Coral reef ecosystems owe their prodigious productivity to a symbiotic relationship between algal symbionts and their hosts, which has evolved over 250 million years under relatively stable conditions to a remarkable level of efficiency. Conditions are no longer stable, and that relationship is now the ‘Achilles heel’ of corals, and coral reef ecosystems are either going to change markedly or be lost.
Coral reef benthic communities are of fundamental importance to the ecological health of the reefs and existence of the islands. Coral condition is one of the paramount guides to the future condition and trajectory of the BIOT marine environment in our present warming world.
Specifically, I lead a work package building a video archive of coral reef benthic community structure across depths at permanent monitoring sites throughout the atolls, for detailed analysis of the changes in communities
Videos provide a permanent reference and ‘bench mark’ for observing the effects of changing conditions in the absence of direct human impact. This video archive provides the opportunity to revisit sites in time to assess factors that have since become of note (e.g. disease). It also provides a visual baseline allowing newly engaged scientists to compare coral reef community structure in time.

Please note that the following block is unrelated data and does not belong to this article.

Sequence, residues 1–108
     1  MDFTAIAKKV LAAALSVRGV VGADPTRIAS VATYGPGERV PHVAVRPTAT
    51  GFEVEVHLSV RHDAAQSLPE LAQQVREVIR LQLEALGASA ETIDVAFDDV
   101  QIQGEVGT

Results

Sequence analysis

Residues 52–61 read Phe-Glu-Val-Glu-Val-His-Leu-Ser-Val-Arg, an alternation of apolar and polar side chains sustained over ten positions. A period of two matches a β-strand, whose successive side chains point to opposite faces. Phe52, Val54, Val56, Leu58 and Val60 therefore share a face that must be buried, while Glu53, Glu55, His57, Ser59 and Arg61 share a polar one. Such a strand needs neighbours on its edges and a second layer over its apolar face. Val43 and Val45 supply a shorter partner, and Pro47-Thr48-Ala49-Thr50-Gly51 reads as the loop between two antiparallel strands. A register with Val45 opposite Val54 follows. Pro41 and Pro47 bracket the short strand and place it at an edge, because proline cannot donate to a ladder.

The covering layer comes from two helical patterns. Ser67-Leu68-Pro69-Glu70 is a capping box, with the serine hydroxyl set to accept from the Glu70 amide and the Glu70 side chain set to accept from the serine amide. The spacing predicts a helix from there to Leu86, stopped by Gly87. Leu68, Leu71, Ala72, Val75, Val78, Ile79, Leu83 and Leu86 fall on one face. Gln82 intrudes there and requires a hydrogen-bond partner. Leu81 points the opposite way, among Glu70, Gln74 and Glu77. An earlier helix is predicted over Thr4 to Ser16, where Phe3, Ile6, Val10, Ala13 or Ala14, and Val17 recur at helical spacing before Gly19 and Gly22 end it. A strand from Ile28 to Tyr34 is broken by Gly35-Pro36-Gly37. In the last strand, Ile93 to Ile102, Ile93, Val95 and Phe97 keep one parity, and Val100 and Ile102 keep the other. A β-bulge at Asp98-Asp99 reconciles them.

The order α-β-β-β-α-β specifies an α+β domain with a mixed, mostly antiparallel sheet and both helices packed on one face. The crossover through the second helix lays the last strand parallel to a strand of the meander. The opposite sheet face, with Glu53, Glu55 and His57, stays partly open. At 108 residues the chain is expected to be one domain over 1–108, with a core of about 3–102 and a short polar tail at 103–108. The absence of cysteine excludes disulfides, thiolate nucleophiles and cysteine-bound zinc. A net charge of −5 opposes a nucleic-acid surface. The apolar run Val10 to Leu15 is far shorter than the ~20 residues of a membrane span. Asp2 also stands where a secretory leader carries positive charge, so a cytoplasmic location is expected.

Coral reef ecosystems are either going to change markedly or be lost. We do not know which outcome will be, but my hope is that we can still influence their trajectory such that we have resilient reef ecosystems in the future.
Coral Reef ResilienceMonitoring Coral Reefs in the British Indian Ocean Territory
Current research is developed in partnership with end users (e.g. British Indian Ocean Territory Government Section of Foreign and Commonwealth Office; Cayman Islands Government; Seychelles Island Foundation; The Nature Conservancy, USA). Recently, my research has focussed on coral reefs of the UK Overseas Territories. My research strategy is driven by the need to protect marine environments largely through the establishment and monitoring of Marine Protected Areas, or use of tools such as Environmental Impact Assessment and Coastal Zone Management, often to comply with the major conventions. Research is implemented through practical research expeditions overseas involving scientific diving operations, training, stakeholder consultations and outreach initiatives, often including placement of Project Support Officers to build capacity within organisations. I am also a member of the DEFRA Darwin Initiative panel of the Darwin Plus Advisory Group for the British Overseas Territories.